The Auschwitz-Birkenau museum and memorial site encourages visitors to have a guided tour to better understand what horrific acts took place there, rather than self-guiding themselves around the sites. On my tour of the site, I couldn’t comprehend the amount of fear, and sorrow that people must have experienced being at that camp. It was a truly eye-opening and mournful time being on the same ground and in the same buildings that people had their last breaths after their belongings, family and dignity were taken from them. After my time in Auschwitz, we were taken to Birkenau which has the infamous train tracks leading into the camp. I observed people trying to walk on the tracks as if they were on balance beams, find the best lighting while they held up “selfie sticks” with pride, and pose for photos that undoubtedly would be posted onto social media later that day. The same article that talked about the memorial in Berlin also commented on this phenomenon by saying, “In an age where social media has become ubiquitous, Holocaust memorials face a special challenge when it comes to educating their visitors about appropriate posts. While the debate is not new, it is bound to continue as social media sites become increasingly integrated into the lives of today’s youth, and the Holocaust falls further into the past. The boundaries between acceptable and unacceptable photos can, at times, be fluid” (Hucal, 2019). At various times the press representative of the Auschwitz concentration camp has urged visitors to think about the history and tragedy that occurred on the land they are standing on before they take a picture that is seen as selfish and not appropriate for the setting. Many times, different selfies taken here have gone viral and people have commented on the disrespect behind them. Still visitors seem not to understand how to properly commemorate their time at the camp without lessening the veracity of trauma that happened there in the past. The museum doesn’t want people to stop taking pictures altogether, in fact the guide on my tour told me it was okay to take pictures of the camp. They just want visitors to understand civility in the content they produce while on this memorial site. In my opinion, a tour of Auschwitz should be focused on the victims and the suffering they were forced to endure, not the individual visitors and their social media presence.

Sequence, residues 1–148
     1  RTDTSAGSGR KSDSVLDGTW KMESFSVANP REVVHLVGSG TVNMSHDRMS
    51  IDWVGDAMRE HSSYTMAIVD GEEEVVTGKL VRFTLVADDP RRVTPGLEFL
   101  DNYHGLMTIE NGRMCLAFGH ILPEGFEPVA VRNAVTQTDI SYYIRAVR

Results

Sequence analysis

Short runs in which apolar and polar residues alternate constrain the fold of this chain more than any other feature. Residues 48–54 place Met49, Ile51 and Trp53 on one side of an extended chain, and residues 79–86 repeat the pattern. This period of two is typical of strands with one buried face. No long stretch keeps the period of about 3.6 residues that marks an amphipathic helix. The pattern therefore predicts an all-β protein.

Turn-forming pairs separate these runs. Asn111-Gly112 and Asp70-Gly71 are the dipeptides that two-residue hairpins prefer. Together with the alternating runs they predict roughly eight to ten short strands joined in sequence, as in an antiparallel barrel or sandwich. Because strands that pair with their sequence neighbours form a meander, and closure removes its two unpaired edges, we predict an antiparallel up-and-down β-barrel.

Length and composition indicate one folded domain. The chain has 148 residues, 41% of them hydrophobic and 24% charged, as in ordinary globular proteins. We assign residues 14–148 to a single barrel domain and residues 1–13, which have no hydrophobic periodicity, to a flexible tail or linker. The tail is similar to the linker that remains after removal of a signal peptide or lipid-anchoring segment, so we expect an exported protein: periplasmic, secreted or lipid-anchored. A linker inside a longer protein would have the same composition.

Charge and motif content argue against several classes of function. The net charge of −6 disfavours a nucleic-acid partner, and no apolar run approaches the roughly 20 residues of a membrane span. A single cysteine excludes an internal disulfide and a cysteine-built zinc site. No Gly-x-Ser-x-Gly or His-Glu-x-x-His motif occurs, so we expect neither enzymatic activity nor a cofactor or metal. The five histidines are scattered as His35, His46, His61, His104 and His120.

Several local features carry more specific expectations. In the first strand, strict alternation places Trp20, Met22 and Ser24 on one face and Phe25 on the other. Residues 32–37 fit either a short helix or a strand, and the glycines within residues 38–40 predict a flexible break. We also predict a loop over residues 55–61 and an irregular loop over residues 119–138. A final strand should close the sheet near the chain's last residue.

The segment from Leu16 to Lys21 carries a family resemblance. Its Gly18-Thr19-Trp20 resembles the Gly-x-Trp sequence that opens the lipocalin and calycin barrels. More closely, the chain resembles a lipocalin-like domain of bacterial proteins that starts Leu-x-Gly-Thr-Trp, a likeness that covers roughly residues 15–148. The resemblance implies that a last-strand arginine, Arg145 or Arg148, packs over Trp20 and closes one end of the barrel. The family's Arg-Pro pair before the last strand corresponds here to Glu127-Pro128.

How someone acts at a memorial site, monument or museum and how it is interpreted will forever be debated. The fact that victims deserve proper homage is an opinion I hope everybody shares. The part that can be debated is what actions constitute disrespect and what is considered part of one’s personal experience. Some may believe their experience at these sites is wholly personal while others may feel that a memorial site is solely a place where victims can finally get the recognition and remembrance they deserve. Whatever opinion you hold on this topic, I hope it can be agreed upon that memorial sites should be treated with respect.
Hucal, S. (2019, March 30). When a selfie goes too far: How Holocaust memorial sites around Europe combat social media disrespect. Retrieved from https://abcnews.go.com/International/selfie-holocaust-memorial-sites-europe-combat-social-media/story?id=62025268.